Massachusetts has decided to buy a share of ambitious multibillion-dollar wind and transmission projects in northern Maine after officials determined they would benefit that state’s residents.

That decision is crucial to advance two projects selected in November by the Maine Public Utilities Commission for the Northern Maine Renewable Energy Development Program. The program, a product of a 2021 state law, is intended to remove obstacles to and promote the development of renewable energy resources in northern Maine.

The Massachusetts Department of Energy Resources and Attorney General’s Office determined Friday that Longroad Energy’s King Pine wind generation project and a transmission project by LS Power would provide cost-effective clean energy to electric ratepayers in Massachusetts and the region, contribute to the state’s decarbonization goals, and reduce ratepayer costs and improve energy security during winter months.

Those agencies signed a memorandum of understanding last October with the Maine Public Utilities Commission, outlining terms by which the Bay State will consider the northern Maine energy proposals. The terms are based on requirements in a recently passed clean energy law in Massachusetts.

“Longroad appreciates the selection of King Pine Wind as a cost-effective, clean energy option under the policies established through the leadership of the legislature and Baker-Polito Administration,” the company said in a statement. “Coordination between states is critical to the Commonwealth achieving its climate goals – and those of the region as a whole – in the most efficient and cost-effective manner. As a recent study showed, by working together on this initiative, Maine and Massachusetts can deliver significant economic and climate benefits for both states through leveraging the substantial wind resource in Aroostook County.”

The Maine PUC must still determine whether the costs to Maine electric customers are “reasonable and in the public interest,” and if a partnership with Massachusetts could offset the costs. Commissioners have asked the agency’s staff to complete a report on the regional partnership’s potential by Jan. 15.


Massachusetts will direct its electric distribution companies to enter into long-term contracts for up to 40% of the transmission project’s transmission service payments for 20 years or less. If the projects don’t have sufficient contracting commitments to support project viability by Feb. 28, the determination will terminate.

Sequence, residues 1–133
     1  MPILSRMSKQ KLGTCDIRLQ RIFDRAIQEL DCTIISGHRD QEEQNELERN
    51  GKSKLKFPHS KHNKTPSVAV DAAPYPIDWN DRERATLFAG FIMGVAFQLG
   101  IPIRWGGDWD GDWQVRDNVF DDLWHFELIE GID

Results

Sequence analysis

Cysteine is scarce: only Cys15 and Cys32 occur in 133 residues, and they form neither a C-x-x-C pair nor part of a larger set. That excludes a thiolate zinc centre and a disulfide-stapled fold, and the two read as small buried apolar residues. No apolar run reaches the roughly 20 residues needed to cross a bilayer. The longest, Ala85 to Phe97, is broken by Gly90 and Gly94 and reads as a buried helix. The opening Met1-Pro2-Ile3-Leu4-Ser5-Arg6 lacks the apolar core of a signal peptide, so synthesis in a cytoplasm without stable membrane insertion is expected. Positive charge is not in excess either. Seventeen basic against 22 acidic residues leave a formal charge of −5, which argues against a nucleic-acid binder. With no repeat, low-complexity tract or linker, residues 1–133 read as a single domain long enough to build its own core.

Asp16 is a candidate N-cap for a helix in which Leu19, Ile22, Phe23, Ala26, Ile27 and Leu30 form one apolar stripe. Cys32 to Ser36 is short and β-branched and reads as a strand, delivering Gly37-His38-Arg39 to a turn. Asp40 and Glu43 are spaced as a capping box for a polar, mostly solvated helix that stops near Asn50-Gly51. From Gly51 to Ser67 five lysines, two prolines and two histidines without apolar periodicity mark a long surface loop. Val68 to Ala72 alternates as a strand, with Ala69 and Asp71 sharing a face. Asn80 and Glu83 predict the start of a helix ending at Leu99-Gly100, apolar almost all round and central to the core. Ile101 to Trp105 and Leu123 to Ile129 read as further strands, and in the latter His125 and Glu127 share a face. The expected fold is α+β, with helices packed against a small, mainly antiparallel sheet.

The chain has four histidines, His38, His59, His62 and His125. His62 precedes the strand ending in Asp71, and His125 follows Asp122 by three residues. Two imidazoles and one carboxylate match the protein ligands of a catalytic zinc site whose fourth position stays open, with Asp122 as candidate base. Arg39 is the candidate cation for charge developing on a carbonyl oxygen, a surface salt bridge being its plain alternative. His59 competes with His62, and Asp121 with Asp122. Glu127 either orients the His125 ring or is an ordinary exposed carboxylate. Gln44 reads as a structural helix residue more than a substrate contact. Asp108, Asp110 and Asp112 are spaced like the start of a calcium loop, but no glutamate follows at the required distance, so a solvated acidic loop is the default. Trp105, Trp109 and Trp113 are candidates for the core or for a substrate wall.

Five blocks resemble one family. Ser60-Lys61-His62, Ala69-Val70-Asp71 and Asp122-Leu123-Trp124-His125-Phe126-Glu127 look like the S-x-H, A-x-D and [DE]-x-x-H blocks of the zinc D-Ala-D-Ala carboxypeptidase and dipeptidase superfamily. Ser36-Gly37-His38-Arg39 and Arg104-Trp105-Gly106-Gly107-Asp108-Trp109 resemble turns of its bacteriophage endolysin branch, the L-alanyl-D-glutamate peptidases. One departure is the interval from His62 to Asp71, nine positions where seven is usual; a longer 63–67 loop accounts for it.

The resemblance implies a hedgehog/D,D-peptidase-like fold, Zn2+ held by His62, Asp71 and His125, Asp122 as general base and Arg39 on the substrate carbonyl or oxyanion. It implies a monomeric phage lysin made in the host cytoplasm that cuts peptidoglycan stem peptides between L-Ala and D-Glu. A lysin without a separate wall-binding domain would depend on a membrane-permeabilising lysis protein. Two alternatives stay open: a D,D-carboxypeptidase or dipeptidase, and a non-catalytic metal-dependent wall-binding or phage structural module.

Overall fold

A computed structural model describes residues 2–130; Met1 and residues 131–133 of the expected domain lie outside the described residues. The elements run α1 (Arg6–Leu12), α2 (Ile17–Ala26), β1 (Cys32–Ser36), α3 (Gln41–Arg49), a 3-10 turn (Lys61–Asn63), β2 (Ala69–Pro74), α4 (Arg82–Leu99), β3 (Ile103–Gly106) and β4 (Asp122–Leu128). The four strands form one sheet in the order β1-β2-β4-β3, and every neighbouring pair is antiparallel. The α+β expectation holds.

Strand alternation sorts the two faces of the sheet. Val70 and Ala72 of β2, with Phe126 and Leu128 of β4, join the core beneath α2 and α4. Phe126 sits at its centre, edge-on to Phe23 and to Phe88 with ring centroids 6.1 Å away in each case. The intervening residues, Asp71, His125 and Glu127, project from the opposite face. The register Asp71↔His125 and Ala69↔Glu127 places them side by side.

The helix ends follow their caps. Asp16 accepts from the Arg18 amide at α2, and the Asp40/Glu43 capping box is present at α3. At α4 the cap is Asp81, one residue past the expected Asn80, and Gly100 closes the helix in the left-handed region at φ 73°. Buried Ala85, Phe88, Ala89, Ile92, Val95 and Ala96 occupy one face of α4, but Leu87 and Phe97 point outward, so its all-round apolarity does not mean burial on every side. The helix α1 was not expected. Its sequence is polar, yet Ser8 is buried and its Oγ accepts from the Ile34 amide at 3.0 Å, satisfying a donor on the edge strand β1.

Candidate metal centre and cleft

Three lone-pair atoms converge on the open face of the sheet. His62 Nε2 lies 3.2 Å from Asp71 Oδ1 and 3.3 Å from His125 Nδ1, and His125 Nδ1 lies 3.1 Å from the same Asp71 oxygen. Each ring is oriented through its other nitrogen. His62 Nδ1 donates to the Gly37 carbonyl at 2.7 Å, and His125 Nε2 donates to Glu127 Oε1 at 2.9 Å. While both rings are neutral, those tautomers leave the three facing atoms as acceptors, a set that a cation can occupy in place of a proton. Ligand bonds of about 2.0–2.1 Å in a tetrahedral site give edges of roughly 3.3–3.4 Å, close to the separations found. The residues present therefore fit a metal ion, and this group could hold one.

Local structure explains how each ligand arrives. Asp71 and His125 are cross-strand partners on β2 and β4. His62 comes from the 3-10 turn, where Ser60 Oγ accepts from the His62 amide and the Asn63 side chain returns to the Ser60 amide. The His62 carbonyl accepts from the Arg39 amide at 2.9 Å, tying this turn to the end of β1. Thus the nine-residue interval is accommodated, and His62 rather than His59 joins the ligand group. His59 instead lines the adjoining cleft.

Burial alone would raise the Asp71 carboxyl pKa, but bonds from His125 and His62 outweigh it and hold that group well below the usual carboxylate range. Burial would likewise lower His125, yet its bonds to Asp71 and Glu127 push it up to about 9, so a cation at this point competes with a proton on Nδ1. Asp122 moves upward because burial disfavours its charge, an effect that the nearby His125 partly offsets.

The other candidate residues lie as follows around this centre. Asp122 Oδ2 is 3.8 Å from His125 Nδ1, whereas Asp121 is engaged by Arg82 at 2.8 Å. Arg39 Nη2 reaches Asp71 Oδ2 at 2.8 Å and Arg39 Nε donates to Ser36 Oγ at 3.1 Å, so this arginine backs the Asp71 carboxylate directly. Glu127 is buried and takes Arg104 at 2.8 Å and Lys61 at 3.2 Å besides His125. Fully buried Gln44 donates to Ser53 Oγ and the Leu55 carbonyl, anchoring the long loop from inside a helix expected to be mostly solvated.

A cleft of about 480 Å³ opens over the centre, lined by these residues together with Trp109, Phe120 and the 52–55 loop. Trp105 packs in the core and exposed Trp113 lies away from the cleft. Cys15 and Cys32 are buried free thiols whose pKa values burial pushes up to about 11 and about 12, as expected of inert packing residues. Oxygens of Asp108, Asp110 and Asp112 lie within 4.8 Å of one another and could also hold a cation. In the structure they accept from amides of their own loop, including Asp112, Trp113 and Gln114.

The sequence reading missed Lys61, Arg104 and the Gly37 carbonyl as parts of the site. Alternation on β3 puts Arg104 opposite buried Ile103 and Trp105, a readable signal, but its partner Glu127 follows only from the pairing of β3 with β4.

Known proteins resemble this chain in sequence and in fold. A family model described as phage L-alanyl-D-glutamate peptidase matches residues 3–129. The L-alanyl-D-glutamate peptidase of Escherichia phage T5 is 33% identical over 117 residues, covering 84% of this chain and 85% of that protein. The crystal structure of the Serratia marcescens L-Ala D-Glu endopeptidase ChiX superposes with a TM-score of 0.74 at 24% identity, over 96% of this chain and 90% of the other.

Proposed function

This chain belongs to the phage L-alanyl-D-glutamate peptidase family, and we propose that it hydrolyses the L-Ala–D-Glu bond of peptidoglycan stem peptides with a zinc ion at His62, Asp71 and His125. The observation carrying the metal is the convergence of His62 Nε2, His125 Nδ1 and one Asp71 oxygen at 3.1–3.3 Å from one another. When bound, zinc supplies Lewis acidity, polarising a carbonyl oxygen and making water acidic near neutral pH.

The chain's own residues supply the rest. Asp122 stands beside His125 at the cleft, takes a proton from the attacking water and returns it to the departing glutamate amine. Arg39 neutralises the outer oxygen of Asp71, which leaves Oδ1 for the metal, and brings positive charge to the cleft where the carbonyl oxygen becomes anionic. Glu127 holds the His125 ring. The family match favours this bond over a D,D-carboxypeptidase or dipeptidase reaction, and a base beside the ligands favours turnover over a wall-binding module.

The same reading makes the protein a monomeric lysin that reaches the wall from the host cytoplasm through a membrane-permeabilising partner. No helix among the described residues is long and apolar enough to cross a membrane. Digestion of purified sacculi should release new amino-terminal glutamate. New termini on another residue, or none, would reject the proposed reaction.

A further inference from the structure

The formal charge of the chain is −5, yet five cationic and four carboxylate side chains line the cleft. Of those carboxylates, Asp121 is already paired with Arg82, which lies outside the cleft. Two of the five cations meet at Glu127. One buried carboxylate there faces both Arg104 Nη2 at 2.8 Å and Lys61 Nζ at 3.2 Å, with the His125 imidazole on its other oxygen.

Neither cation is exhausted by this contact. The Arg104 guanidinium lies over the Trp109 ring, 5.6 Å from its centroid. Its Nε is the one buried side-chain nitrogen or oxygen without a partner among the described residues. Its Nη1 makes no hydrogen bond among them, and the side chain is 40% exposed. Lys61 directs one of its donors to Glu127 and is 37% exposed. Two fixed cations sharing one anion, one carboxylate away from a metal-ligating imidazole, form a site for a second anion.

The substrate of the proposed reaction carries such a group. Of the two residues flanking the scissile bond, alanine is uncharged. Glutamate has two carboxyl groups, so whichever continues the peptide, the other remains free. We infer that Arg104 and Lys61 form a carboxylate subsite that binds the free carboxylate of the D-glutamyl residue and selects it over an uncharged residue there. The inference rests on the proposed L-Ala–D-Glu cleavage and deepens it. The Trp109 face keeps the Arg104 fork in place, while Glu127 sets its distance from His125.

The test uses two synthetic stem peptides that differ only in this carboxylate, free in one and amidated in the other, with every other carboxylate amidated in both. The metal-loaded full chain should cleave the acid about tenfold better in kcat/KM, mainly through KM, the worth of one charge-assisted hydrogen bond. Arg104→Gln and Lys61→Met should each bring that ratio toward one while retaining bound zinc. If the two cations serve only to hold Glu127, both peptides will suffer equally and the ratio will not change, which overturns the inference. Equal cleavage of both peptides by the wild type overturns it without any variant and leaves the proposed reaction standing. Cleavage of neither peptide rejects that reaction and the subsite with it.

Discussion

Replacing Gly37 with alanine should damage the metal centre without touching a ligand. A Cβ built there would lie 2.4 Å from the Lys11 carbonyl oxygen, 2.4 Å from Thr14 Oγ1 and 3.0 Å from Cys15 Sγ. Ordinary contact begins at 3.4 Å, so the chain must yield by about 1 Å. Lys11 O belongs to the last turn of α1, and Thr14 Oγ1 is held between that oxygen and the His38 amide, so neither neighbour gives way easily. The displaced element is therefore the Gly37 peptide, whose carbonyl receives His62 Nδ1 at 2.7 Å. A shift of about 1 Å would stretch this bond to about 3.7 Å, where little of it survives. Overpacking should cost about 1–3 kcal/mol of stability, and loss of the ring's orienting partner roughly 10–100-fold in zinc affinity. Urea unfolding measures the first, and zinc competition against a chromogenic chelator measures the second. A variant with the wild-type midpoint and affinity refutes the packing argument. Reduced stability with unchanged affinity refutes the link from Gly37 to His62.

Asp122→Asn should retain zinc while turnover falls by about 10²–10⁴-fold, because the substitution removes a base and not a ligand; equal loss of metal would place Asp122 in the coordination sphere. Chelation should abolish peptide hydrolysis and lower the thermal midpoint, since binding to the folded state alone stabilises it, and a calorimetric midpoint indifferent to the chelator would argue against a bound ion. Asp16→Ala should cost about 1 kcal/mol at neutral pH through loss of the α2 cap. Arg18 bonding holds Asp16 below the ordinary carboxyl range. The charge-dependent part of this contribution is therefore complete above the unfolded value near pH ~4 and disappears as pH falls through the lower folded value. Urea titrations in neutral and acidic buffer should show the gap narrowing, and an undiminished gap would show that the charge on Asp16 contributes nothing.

The proposed King Pine wind farm, with 179 wind turbines, would be the largest onshore wind project east of the Mississippi River. Rated at 1,000 megawatts and expected to produce 3.18 billion kilowatt-hours a year, the $2 billion project could generate enough electricity to power 450,000 typical homes when running full tilt. It would be built by renewable power developer Longroad Energy of Boston.

Power would flow over a new transmission line running more than 100 miles from southern Aroostook County to Pittsfield. Designed to carry up to 1,200 megawatts, the line would be built by the New York-based energy infrastructure developer LS Power.

Crucial details have yet to be decided, such as the precise route of the corridor, how wide it would be and its potential impact on land that’s important for ecology and recreation uses.

The wind farm and transmission line were selected in November by the Maine PUC, which spent months scrutinizing competing proposals that sought to satisfy the law’s criteria, including cost to taxpayers, economic benefits to northern Maine and contribution to the state’s climate goals.

The combination of these two projects will help lower wholesale electricity prices in Maine and New England, the commission determined, and save Mainers $1.08 billion over 20 years, based on contract payments minus estimates of future energy costs.

Both projects would need to be approved in Maine and Massachusetts. If that happens, each will face regular reviews in Maine from state and federal agencies that include winning a certificate of public convenience from the PUC, land-use permits from the Department of Environmental Protection and approvals from ISO-New England and federal agencies.

Legislative approval also is needed, a requirement put in place by referendum last year for projects that meet the definition of high-voltage transmission line.

Those requirements and other hurdles will push the proposed operations date to 2028, according to estimates from LS Power.

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